fatalities might not be different than SCD
cases in the general population except
the divers usually do not have a chance
of being resuscitated. The best way to
avoid SCD is to prevent heart disease
and maintain wellness and physical
fitness despite aging.
Physical fitness is the ability to move
in a physical world and change it by
muscular effort. There are many
components to it; the main one is a
capacity to conduct aerobic work.
Good health and fitness in older age
is a matter of absence of disease,
lifelong healthy habits and fitness
maintenance. Adopting a healthy
lifestyle at any age will improve
quality of life, but a return to the
normal curve of fitness and longevity
is probably proportional to previously
acquired insults. According to
recommendations of the American
College of Sports Medicine (ACSM)
and the American Heart Association
(AHA), regular physical activity,
including aerobic activity and
muscle-strengthening activity, is
essential for healthy aging. The U.S.
Department of Health and Human
Services published physical activity
guidelines that can be found at Benefits of exercise
are many, and they are dose
dependent: The more one exercises,
the greater the benefits are. These
include reduced risk of
cardiovascular disease (and thus,
SCD), trombo-embolic stroke,
hypertension, type-2 diabetes,
osteoporosis, obesity, colon cancer,
breast cancer, anxiety and
depression. The ACSM and AHA
maintain that with sufficient skill,
experience, fitness and training, older
adults can achieve high levels of
physical activity. At the same time,
for some older adults, age-related
fitness loss, chronic diseases and
functional limitations act as barriers
to attaining high levels of activity.
While the health benefits of physical
activity may be achieved with low
to moderate levels of exercise, this
may not increase aerobic capacity
or improve fitness for swimming
against a strong current. A high
level of aerobic fitness may be
acquired and maintained only by
regular vigorous exercise, as
approved by physician. Fitness for
swimming against a current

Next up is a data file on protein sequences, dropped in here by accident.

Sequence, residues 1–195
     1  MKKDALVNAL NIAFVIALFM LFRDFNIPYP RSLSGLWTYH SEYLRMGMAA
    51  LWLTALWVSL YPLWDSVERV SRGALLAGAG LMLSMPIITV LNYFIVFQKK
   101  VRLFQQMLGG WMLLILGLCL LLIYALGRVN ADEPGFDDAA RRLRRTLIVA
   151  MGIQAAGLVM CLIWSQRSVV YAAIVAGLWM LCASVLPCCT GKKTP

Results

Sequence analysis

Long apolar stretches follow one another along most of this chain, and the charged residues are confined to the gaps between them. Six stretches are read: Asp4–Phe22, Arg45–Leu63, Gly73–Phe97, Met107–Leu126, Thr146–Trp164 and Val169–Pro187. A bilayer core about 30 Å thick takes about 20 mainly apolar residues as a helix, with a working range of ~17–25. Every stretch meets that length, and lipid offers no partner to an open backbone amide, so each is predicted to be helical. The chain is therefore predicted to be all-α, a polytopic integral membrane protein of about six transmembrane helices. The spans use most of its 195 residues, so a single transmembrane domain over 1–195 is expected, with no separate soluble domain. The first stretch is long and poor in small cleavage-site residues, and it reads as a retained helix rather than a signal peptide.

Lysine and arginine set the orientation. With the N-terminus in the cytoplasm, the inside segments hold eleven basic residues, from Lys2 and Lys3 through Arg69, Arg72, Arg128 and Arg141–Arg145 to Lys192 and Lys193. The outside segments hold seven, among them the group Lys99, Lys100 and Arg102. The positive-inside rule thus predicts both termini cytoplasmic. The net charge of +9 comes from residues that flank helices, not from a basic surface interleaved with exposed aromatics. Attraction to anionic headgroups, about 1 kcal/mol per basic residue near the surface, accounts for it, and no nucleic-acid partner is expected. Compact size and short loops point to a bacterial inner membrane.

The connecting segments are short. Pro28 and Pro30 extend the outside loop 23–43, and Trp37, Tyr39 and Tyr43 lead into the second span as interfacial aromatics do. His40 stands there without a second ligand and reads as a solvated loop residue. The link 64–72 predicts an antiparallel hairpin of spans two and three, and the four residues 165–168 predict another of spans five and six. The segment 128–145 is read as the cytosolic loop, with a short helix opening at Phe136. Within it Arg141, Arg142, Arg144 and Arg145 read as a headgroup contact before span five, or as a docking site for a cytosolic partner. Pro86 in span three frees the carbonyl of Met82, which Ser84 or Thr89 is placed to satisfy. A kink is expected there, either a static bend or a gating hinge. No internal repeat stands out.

includes fin-swimming skills. Divers
without these skills may not be able to
create sufficient propulsion to overcome
strong current despite their high aerobic
capacity for muscular work. Thus, part
of divers exercise must be dedicated
to fin swimming.
W ellness may be defined in various ways,
but it is in essence a subjective state of
satisfaction with ones present condition,
which depends greatly on underlying
health and, at the same time, helps
improve health. One example of a
practice that may help individuals
achieve wellness is yoga. Yoga seems
to affect flexibility, posture, balance and
muscular strength. Relaxation and
breathing techniques seem to reduce
overall sympathetic tone in older adults,
increase parasympathetic effects on
heart rate and potentiate heart-rate
variability. Regular yoga practice reduces
anxiety and improves overall wellness.
Feelings of wellness do not necessarily
coincide with physical fitness. People
who do not do regular, vigorous exercise
may discover their limitations in the face
of a challenge only when it is too
late. For enthusiastic divers, diving may
be very important for achieving
wellness. To promote continued fitness
for diving, divers should maintain a
healthy lifestyle, exercise regularly,
practice specific skills for diving, use
all means to achieve wellness and make
wise choices in diving.
Editors Note:
In Australia, from 2003 to
2008, inclusive, there were a
total of 46 reported scuba-
diving related deaths. Of
these, 17 deaths (37%) are
believed to have been cardiac-
related. This is a worldwide
trend, as indicated by Dr